Health inequalities are present within and among countries. This interactive map provides a quick bird's-eye view of health and the extent of health inequalities in every country in Europe, and how that country compares to other European countries. Click on a country to find out more.
Underneath the map you find an explanation of the indicators used, as well as the averages for the EU.
Numbers in red are worse than EU average. Numbers in green are better than EU average.
For more information on what the EU and European countries are doing to address health inequalities, visit our health equity resource database.
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- Total population.
- Gini coefficient. The Gini coefficient represents the income inequality or wealth inequality within a country 0 = complete equality; 1 = complete inequality.
- Human Development Index. The human development Index indicates average achievement in key dimensions of human development: health, education, and standard of living.
- Health spending. This includes final consumption of health care goods and services. It includes personal health care and collective services, but excludes spending on investments.
- Life expectancy.
- Self-perceived health. This shows the proportion of people who assess their health to be very good or good.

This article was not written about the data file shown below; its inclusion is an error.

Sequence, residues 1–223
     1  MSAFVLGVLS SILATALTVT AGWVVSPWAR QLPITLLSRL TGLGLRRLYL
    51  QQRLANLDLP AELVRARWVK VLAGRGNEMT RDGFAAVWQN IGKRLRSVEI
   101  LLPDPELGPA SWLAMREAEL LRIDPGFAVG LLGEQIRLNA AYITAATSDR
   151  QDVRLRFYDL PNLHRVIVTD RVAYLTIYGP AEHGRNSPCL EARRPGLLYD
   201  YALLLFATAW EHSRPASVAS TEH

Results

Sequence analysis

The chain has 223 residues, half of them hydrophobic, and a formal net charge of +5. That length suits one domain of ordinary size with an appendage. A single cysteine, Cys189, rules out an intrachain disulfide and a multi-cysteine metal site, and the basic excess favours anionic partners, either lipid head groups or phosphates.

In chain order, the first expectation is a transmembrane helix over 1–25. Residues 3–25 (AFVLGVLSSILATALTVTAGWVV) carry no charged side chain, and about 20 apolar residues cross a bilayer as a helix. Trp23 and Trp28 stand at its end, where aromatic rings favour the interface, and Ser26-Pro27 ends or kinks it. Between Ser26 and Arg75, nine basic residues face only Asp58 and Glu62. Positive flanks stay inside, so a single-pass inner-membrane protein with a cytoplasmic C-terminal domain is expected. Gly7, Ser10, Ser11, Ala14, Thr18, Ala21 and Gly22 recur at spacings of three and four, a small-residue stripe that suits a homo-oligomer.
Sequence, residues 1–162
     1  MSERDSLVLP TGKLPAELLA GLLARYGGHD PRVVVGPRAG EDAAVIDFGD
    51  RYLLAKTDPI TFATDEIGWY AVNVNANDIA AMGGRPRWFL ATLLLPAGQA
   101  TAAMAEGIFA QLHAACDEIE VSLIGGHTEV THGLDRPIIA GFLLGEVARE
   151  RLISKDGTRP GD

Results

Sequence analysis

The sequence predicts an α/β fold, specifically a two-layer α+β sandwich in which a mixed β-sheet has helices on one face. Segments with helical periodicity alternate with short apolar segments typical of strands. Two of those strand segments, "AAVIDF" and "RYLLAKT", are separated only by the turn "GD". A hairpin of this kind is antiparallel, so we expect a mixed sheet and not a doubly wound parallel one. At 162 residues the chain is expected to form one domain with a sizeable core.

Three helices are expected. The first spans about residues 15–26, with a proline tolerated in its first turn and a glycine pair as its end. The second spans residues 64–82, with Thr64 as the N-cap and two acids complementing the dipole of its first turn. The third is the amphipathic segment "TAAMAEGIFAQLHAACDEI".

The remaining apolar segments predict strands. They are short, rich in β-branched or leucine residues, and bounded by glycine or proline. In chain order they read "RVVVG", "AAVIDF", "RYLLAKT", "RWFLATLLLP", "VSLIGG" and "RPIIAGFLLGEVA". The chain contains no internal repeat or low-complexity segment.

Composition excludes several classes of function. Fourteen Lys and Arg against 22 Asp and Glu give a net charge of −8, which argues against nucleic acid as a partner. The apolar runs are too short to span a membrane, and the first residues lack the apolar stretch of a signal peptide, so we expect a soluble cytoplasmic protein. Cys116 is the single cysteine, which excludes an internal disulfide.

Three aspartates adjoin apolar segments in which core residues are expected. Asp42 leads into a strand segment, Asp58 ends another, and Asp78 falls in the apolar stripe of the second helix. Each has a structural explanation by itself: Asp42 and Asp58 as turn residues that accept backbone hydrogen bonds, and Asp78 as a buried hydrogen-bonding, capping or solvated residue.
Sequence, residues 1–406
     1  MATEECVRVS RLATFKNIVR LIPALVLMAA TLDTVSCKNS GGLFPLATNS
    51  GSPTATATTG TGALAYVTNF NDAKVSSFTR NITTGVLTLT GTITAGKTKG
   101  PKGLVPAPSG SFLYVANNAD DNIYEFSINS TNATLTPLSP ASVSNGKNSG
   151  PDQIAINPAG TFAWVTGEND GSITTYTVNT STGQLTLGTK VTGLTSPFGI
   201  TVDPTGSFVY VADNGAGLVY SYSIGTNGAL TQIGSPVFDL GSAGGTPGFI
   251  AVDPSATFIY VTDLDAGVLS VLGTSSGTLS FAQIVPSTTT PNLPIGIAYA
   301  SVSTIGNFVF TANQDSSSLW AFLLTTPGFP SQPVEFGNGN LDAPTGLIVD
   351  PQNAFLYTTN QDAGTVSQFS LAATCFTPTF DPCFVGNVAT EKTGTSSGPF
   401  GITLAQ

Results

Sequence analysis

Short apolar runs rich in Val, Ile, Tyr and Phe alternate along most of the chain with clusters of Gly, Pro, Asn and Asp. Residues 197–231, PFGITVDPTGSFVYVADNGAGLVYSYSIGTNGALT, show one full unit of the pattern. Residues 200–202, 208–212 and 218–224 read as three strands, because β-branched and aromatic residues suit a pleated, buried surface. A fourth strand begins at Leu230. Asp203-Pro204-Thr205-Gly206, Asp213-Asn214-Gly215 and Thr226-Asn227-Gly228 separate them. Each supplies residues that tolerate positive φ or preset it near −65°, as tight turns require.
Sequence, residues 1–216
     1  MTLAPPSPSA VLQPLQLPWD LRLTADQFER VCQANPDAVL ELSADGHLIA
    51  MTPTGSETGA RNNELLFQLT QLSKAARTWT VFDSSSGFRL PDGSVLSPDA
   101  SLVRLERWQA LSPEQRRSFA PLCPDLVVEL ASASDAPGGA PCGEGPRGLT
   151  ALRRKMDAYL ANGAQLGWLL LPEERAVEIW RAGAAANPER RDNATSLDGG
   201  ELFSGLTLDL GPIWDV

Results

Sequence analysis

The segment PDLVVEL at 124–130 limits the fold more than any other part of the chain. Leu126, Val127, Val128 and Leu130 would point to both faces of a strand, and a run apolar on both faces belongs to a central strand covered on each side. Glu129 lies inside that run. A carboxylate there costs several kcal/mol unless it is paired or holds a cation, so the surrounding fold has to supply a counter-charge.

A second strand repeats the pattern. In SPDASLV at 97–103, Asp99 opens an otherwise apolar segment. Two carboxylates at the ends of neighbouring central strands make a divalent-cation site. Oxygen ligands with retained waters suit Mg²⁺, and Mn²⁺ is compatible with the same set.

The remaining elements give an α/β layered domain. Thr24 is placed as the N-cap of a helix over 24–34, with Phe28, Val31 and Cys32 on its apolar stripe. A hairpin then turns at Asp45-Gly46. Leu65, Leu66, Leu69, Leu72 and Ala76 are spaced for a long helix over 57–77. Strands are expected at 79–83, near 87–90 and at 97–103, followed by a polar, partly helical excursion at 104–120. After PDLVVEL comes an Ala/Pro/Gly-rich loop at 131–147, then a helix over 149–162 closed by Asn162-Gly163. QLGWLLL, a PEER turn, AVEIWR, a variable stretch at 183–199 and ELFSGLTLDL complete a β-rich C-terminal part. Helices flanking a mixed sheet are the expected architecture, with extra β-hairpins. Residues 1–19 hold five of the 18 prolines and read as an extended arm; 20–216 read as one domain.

- Access to health care. This shows the proportion of people with self-declared unmet needs for health care. This could be due to financial barriers, waiting times, or travel distances.
- Life expectancy.
- Percentage of the total population at risk of poverty or social exclusion.
- Percentage of the population aged 25-64 who have successfully completed tertiary studies.
|Health spending||EUR 2,884 per capita (9.8% of GDP)|
|Life expectancy at birth
||Men: 78.0 years|
|Women: 83.4 years|
|Self-perceived health||Low education level: 53.3%|
|Medium education level: 70.2%|
|High education level: 80.5%|
|Access to health care services||Low education level: 0.4%|
|Medium education level: 0.1%|
|High education level: 0.2%|
The data shown on this page and map was last updated in January 2021 and taken from the ECHI (European Core Health Indicators) Data Tool and the Eurostat regional statistics. Explore these tools to find many more indicators that can demonstrate the inequalities and differences within and between countries.